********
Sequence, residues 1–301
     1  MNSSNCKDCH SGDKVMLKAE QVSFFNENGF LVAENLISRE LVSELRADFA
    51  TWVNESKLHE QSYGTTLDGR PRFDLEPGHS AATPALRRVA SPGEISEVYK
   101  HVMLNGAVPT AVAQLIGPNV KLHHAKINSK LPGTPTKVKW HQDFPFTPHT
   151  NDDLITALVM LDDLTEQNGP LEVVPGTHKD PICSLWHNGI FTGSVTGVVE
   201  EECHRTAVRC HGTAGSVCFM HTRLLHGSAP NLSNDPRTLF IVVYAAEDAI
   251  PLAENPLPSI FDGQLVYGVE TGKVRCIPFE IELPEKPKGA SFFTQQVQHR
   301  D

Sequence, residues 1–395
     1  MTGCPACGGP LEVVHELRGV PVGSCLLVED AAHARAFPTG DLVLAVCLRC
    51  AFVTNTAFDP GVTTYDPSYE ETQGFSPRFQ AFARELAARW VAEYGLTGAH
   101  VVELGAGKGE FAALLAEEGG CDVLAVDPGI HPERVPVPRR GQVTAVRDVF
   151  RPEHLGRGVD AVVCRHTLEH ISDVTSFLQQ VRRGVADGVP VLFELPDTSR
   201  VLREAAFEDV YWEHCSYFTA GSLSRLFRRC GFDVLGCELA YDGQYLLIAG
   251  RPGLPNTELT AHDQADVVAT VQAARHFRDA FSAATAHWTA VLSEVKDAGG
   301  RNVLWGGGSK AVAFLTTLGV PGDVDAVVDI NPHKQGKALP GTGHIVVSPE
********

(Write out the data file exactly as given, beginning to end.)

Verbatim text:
Sequence, residues 1–301
     1  MNSSNCKDCH SGDKVMLKAE QVSFFNENGF LVAENLISRE LVSELRADFA
    51  TWVNESKLHE QSYGTTLDGR PRFDLEPGHS AATPALRRVA SPGEISEVYK
   101  HVMLNGAVPT AVAQLIGPNV KLHHAKINSK LPGTPTKVKW HQDFPFTPHT
   151  NDDLITALVM LDDLTEQNGP LEVVPGTHKD PICSLWHNGI FTGSVTGVVE
   201  EECHRTAVRC HGTAGSVCFM HTRLLHGSAP NLSNDPRTLF IVVYAAEDAI
   251  PLAENPLPSI FDGQLVYGVE TGKVRCIPFE IELPEKPKGA SFFTQQVQHR
   301  D

Sequence, residues 1–395
     1  MTGCPACGGP LEVVHELRGV PVGSCLLVED AAHARAFPTG DLVLAVCLRC
    51  AFVTNTAFDP GVTTYDPSYE ETQGFSPRFQ AFARELAARW VAEYGLTGAH
   101  VVELGAGKGE FAALLAEEGG CDVLAVDPGI HPERVPVPRR GQVTAVRDVF
   151  RPEHLGRGVD AVVCRHTLEH ISDVTSFLQQ VRRGVADGVP VLFELPDTSR
   201  VLREAAFEDV YWEHCSYFTA GSLSRLFRRC GFDVLGCELA YDGQYLLIAG
   251  RPGLPNTELT AHDQADVVAT VQAARHFRDA FSAATAHWTA VLSEVKDAGG
   301  RNVLWGGGSK AVAFLTTLGV PGDVDAVVDI NPHKQGKALP GTGHIVVSPE